China’s trade surplus with US hits record high of US$34 billion as trade war rages on
Exports grow faster than expected in September as new US tariffs on US$200 billion of Chinese goods yet to bite, analysts say
China’s monthly trade surplus with the United States rose to a record high of US$34.1 billion in September on the back of an escalating trade war that shows little sign of cooling.
The figure, released on Friday by the customs administration, represented a 10 per cent increase from the US$31.05 billion surplus booked for August, suggesting Washington’s tariffs on imports of Chinese products have yet to have the desired effect of narrowing the trade gap between the two countries.
While Washington sees its trade deficit with China as evidence of the latter’s unfair trade practices, Beijing argues it is the inevitable result of their different positions in global value chains and denies pursuing a trade surplus.
An editorial published on Thursday by People’s Daily, the mouthpiece of China’s Communist Party, said that if the US wanted to narrow the trade gap it could sell four aircraft carriers to China.
Speaking on Fox News on Thursday, President Donald Trump said that previous US administrations had allowed China to pursue unfair trade practices for too long and that it was time he put a stop to it.
“They lived too well for too long and, frankly, I guess they think the Americans are stupid people,” he said. “Americans are not stupid people. We were led badly when it came to trade.”
China’s trade surplus with the US in September was greater than its total trade surplus of US$31.7 billion.
Its total exports grew faster than expected in the month – 14.5 per cent year on year in dollar terms, compared with 9.8 per cent in August – while import growth slowed to 14.3 per cent from 20 per cent, the customs administration said.
The strength in exports surprised many analysts and economists, partly because other economic indicators had suggested the opposite was likely. According to the official purchasing managers’ index, for instance, new export orders in September fell to their lowest level since February 2016.
There was strong demand for Chinese goods in Japan and Europe, while a spike in orders ahead of incoming tariffs meant exports to the US rose 14 per cent year on year.
Larry Hu, chief China economist from Macquarie Capital, said the figures went against the prevailing sentiment.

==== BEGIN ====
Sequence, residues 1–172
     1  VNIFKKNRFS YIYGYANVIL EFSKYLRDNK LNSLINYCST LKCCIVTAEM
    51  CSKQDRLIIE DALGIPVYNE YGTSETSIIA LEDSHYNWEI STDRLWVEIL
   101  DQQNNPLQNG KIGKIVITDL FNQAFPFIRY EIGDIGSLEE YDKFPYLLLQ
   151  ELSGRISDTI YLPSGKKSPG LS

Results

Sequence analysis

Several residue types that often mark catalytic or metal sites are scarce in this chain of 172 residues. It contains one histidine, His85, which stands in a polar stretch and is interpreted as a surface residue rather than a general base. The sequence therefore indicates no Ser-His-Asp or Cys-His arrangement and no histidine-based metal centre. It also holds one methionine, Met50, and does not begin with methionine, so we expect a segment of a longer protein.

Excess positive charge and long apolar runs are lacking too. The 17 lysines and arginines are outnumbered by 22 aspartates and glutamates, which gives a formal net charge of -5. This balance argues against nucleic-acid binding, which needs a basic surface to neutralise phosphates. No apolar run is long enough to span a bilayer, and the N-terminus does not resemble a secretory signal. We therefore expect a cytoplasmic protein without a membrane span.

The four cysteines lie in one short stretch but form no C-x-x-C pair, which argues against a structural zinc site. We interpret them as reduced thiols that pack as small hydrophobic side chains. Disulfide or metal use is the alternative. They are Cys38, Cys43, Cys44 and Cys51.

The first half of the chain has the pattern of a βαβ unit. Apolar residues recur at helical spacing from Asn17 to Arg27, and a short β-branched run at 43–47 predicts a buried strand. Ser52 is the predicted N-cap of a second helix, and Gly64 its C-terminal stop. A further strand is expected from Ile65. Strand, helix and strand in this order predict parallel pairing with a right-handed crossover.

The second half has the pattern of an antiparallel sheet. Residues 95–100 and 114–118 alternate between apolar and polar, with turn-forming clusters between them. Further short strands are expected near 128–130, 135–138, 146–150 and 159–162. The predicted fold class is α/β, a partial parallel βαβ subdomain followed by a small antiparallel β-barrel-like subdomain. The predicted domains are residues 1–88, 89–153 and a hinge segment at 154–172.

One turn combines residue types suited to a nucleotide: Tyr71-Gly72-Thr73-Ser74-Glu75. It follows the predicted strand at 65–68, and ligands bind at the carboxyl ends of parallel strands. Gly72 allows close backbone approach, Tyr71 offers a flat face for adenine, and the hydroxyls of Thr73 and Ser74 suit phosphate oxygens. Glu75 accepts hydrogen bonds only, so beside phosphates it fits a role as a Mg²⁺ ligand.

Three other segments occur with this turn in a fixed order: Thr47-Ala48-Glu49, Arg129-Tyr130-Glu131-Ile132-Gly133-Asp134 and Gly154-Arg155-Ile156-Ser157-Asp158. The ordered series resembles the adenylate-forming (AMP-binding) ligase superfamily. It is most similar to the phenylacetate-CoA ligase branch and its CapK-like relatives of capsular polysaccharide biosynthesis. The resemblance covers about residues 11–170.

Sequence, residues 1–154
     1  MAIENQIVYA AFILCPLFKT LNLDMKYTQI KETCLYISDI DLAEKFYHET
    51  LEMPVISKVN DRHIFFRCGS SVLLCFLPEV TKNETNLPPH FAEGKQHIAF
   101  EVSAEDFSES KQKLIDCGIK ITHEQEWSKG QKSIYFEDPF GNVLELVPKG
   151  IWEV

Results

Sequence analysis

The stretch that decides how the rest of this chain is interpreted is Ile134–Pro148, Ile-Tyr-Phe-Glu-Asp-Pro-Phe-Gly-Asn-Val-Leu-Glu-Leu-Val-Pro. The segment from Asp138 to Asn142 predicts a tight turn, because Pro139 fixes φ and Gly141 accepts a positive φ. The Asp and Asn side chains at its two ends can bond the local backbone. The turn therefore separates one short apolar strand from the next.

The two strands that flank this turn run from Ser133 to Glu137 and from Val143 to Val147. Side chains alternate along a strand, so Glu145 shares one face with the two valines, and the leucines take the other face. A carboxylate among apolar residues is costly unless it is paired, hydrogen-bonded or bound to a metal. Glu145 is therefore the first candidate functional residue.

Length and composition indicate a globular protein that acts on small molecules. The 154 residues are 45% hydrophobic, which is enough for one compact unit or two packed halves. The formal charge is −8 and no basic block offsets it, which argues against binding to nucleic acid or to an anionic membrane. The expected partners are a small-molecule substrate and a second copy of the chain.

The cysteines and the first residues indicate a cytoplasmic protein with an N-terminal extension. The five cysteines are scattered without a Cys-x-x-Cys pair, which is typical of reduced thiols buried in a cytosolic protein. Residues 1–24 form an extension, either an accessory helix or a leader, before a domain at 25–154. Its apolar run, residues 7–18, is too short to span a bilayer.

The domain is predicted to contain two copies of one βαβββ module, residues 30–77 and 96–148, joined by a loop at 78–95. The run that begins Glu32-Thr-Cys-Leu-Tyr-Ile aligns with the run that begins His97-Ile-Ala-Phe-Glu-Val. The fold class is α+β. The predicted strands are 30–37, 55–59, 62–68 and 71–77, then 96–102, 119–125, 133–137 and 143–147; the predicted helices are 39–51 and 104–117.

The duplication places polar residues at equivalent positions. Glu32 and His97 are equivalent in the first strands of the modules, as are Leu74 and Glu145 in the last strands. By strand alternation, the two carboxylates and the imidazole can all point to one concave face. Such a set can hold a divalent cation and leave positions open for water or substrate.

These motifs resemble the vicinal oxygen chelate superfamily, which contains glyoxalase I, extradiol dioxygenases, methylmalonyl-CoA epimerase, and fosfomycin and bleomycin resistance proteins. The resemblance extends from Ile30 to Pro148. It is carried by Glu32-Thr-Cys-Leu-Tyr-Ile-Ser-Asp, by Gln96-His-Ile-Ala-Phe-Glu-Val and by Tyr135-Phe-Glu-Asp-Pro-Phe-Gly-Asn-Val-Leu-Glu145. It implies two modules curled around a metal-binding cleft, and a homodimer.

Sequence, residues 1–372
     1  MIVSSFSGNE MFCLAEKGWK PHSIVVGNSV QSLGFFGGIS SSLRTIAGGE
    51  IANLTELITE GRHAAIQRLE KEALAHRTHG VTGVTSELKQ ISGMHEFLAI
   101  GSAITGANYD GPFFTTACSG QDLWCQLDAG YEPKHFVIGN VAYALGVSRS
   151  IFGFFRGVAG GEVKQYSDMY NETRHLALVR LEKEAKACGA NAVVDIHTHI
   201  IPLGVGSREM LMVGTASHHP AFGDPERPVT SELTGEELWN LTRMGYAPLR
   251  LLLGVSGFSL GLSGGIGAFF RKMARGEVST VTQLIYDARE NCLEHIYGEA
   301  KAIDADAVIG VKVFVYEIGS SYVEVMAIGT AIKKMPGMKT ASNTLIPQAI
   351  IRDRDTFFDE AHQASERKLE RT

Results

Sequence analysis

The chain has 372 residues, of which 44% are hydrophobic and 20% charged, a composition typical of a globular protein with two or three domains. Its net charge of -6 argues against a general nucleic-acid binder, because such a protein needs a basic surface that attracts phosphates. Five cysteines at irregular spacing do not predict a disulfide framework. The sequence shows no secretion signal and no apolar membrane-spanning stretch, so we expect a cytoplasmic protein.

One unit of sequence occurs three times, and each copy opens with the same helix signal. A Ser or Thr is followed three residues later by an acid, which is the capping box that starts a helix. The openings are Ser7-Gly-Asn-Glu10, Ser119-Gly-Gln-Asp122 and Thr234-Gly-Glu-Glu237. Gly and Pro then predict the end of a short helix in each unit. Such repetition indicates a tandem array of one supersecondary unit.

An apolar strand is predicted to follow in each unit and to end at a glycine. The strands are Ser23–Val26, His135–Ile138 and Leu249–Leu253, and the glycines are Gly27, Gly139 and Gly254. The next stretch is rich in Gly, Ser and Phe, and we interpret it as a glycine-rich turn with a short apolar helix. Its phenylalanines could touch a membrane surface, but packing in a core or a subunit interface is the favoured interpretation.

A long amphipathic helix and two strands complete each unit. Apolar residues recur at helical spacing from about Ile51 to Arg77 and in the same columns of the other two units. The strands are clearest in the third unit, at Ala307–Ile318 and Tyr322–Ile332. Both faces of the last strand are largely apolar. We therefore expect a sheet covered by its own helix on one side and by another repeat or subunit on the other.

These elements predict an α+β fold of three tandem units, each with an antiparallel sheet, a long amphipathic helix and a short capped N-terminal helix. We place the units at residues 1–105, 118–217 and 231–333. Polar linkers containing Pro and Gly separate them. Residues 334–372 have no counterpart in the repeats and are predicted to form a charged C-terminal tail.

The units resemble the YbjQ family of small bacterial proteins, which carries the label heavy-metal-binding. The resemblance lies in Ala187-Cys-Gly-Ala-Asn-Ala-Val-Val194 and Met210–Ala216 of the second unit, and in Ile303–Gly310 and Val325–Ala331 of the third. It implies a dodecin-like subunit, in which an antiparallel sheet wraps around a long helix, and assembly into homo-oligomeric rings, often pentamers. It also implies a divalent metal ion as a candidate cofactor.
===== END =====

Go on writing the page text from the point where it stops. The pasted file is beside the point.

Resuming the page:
“The September trade data show that despite the fears, the trade war has yet to have a negative impact,” he said.
Meanwhile, the slower import growth may be a result of the headwinds faced by China’s economy, including lower consumer spending, slow credit growth, and a lacklustre property market.
Car imports fell 11 per cent in September to US$3.97 billion, which was generally in line with figures from the China Association of Automotive Manufacturers that said car sales in the month fell 11.6 per cent year on year to 2.4 million.
“What is interesting in today’s data is that you are seeing quite strong imports of hi-tech products and machinery equipment, like integrated circuit imports that grew 21.8 per cent year on year,” said Michelle Lam, a China economist at Société Générale in Hong Kong.
“A large part of that has to do with the government’s policy to develop its hi-tech industry.”
Washington escalated the trade war in September by imposing 10 per cent tariffs on US$200 billion worth of goods it imports from China and said the rate could rise to 25 per cent in January. Beijing responded with extra tariffs of between 5 and 10 per cent on US$60 billion worth of US goods.
While the latest US duties covered a broad range of consumer goods, China’s were mostly targeted at liquefied gas, machinery and electrical equipment.
However, as the new US tariffs came into effect only on September 24, their impact is unlikely to be seen until later in the year or early in 2019. Trump has also threatened to impose tariffs on effectively all goods the US imports from China.
“With global growth likely to cool further in the coming quarters and US tariffs set to become more punishing, the recent resilience of exports is unlikely to be sustained,” Julian Evans-Pritchard, a senior China economist at research firm Capital Economics, wrote in a note.
“Meanwhile, with policy easing unlikely to put a floor beneath domestic economic activity until the middle of next year, import growth is set to slow further,” he said.